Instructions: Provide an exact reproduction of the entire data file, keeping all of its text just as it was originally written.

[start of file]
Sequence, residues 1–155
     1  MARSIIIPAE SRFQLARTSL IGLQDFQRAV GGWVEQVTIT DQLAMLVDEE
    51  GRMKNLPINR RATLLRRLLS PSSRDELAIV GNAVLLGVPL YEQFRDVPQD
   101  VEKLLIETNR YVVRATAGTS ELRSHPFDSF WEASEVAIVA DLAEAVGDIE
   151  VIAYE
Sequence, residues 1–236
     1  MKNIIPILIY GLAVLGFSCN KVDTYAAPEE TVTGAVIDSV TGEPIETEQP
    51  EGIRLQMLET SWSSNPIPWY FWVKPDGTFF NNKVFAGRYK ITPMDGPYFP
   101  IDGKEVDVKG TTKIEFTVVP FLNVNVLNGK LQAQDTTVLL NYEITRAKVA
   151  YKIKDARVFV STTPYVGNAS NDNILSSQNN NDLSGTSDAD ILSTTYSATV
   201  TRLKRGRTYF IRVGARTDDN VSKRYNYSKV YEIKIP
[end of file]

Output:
Sequence, residues 1–155
     1  MARSIIIPAE SRFQLARTSL IGLQDFQRAV GGWVEQVTIT DQLAMLVDEE
    51  GRMKNLPINR RATLLRRLLS PSSRDELAIV GNAVLLGVPL YEQFRDVPQD
   101  VEKLLIETNR YVVRATAGTS ELRSHPFDSF WEASEVAIVA DLAEAVGDIE
   151  VIAYE
Sequence, residues 1–236
     1  MKNIIPILIY GLAVLGFSCN KVDTYAAPEE TVTGAVIDSV TGEPIETEQP
    51  EGIRLQMLET SWSSNPIPWY FWVKPDGTFF NNKVFAGRYK ITPMDGPYFP
   101  IDGKEVDVKG TTKIEFTVVP FLNVNVLNGK LQAQDTTVLL NYEITRAKVA
   151  YKIKDARVFV STTPYVGNAS NDNILSSQNN NDLSGTSDAD ILSTTYSATV
   201  TRLKRGRTYF IRVGARTDDN VSKRYNYSKV YEIKIP